Fees have been extraordinarily high this past week, and this article aims to clear up misconceptions and help users make smarter decisions in setting the right fees for their transactions.
$3 fee for a $5 transaction?
With the recent Bitcoin rally up into the mid $4,000’s there has been a huge influx of users that really don’t understand how Bitcoin works under the hood. And that’s okay, most people are here just for the investment. But more and more users are getting fed up with the fact that Bitcoin’s network fees have been so high, even for very simple low-cost transactions.
Unlike traditional financial institutions that charge fees for transactions, Bitcoins fees are NOT dependent on how much money you’re sending. The fees for sending $5 worth of Bitcoin can be the same as sending $5,000. Fees are not measured in dollar amounts, or even Bitcoin amounts. They’re measured by “satoshis per byte of data” or sat/byte.
One satoshi is the smallest denomination of a Bitcoin: 100,000,000 satoshis make up one Bitcoin.
Instead of paying for every Bitcoin you send, you pay for the amount of data in a block your transaction is taking up. The average transaction is roughly 226 bytes, so the time it takes to confirm your transaction depends on the fee the transaction is sent with.
But I was promised low fees after Segwit?
Unfortunately the effects of Segwit on transaction capacity won’t be seen for weeks or even months. The only transactions that help increase capacity are transactions from a “Segwit address.” A Segwit address is simply an address that comes from a wallet that supports Segwit. Currently, there are almost no wallets that are Segwit ready, so very few Segwit addresses are getting created.
To really see the effects, a large majority of transactions that are transacted regularly will need to be moved to Segwit addresses, which will take some time. When most those coins are moved, more transactions will be able to be included per block, lowering fees.
The chart below shows an increasing share of Segwit transactions compared to regular transactions.
Another huge problem right now for wallet developers is creating a proper fee estimation algorithm. Many wallets work by using data from popular mempool visualization websites. Many of these sites, however, do not adapt well to huge swings in fee prices.
Even at times when a transaction with a fee of 40 sat/b gets confirmed in ten minutes, some sites will still recommend fees that are close to 10x that. Better software will lead to average people setting very competitive fees, leading to a more accurate fee market.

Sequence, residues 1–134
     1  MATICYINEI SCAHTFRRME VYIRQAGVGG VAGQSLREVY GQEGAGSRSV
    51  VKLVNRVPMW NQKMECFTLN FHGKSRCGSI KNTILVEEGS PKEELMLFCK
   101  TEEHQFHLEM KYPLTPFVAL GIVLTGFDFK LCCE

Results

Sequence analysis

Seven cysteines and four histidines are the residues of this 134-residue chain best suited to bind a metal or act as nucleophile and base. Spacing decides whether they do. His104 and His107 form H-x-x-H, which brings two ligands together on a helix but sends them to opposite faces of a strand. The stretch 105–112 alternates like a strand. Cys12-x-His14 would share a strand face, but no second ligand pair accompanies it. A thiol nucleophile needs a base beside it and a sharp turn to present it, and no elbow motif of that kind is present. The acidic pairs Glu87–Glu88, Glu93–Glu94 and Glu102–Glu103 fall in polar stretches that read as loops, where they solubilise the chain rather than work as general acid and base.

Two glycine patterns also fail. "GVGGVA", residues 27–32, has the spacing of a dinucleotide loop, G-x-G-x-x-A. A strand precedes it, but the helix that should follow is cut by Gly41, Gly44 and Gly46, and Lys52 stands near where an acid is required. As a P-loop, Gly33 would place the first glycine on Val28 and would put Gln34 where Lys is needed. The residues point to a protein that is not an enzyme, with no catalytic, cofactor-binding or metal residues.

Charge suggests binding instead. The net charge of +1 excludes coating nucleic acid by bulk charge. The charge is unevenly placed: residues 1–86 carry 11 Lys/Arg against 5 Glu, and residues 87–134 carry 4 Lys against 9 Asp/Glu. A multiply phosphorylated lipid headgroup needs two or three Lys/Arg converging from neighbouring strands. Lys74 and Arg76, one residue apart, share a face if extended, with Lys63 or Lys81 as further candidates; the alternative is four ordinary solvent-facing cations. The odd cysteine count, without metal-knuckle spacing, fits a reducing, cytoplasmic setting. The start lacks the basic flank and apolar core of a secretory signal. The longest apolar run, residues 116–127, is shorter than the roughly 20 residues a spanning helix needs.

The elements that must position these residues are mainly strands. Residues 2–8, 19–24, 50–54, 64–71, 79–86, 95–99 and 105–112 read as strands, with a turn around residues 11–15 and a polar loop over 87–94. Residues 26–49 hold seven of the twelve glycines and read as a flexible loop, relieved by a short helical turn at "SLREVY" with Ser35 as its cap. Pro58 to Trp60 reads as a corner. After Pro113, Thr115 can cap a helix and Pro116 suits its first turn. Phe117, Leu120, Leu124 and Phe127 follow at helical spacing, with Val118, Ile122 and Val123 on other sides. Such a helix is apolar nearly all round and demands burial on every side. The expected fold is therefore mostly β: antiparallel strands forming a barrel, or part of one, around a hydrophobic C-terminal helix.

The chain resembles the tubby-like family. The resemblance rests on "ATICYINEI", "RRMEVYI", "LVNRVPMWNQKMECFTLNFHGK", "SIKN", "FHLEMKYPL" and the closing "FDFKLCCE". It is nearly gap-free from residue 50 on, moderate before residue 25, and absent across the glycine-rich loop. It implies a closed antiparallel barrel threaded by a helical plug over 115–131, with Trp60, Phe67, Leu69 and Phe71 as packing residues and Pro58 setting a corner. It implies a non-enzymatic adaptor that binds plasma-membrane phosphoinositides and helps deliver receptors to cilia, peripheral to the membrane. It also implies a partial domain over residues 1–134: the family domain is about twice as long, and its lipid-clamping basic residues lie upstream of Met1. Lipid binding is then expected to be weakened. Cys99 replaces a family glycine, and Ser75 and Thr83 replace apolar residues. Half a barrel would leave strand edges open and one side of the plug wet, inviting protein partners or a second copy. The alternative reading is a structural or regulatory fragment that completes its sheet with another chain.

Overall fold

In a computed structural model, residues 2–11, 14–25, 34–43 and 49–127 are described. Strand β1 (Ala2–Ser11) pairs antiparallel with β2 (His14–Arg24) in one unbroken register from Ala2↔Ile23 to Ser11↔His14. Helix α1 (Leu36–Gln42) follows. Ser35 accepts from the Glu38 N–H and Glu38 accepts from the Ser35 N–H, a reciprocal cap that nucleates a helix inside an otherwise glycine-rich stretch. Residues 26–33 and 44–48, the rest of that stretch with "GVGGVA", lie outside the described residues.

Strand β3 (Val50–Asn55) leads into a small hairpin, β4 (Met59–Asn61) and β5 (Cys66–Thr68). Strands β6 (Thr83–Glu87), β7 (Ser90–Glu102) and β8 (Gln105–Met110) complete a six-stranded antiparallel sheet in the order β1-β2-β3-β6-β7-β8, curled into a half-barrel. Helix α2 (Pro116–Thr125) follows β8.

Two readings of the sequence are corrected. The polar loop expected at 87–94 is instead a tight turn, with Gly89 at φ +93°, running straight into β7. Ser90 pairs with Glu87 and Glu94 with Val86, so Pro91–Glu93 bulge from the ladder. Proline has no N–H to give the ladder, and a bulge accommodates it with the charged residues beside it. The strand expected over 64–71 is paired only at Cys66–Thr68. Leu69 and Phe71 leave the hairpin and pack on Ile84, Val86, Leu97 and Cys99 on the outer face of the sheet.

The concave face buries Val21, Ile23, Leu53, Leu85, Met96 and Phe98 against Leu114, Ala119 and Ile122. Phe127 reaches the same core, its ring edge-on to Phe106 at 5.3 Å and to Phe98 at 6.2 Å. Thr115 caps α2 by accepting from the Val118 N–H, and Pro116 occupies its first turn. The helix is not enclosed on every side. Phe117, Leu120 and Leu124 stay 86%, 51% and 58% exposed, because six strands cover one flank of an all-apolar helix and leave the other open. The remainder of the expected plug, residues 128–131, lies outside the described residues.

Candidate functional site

How is Bitcoin Cash’s EDA Affecting Bitcoin?
Many of you know about the fork that happened at the beginning of August, creating a new coin known as Bitcoin Cash. A big concern for the developers of Bitcoin Cash was the lack of hashpower that would switch to the other chain. If a very small percentage switched, then the network would be halted, very few blocks would be created.
Their solution to this problem was to add an Emergency Difficulty Adjustment mechanism, or EDA. This works in a way that if the average number of blocks in a period is too low, it will immediately adjust to a lower difficulty. This is a problem for one huge reason. The miners want to mine the most profitable chain.
So if they go and mine Bitcoin for a while, allow for the EDA to lower the difficulty to next to nothing, then can simply switch the chain and mine blocks at an average of two or three ever ten minutes. Once the difficulty goes back up to pre-EDA levels, then swap back to Bitcoin and let the process repeat itself.
These difficulty oscillations are making block creation times very slow on the Bitcoin Cash network and are also resulting in a growing backlog of transactions in Bitcon as well. This means less transactions per second and a higher cost to have your transaction included in the next block.
How do I find the right fee to use?
There are many fee estimation sites out there that are publicly available. The most popular is bitcoinfees.21.co. However this site’s estimation algorithm is way off, sometimes suggesting 5x the actual recommended fee. The best thing to do is actually look at the lowest fees that were included in the last block.
For example, you can go to blockchain.info and click on the most recent block. Scroll all the way to the bottom and look at some of the transactions that are there. The transactions with the lowest fees usually will be at the bottom. Take those fees and set yours a little higher. Boom, your transaction should be included in the next block.
Many wallets nowadays do not have the ability to set custom fees and in result cost users loads of money. I highly suggest waiting for a time where there aren’t many transactions in the mempool, such as the weekend, and then move your coins to an address with custom fees ability. You can google what wallets support custom fees on your devices, for desktop Electrum and Bitcoin Core are both reputable wallets that support custom fees.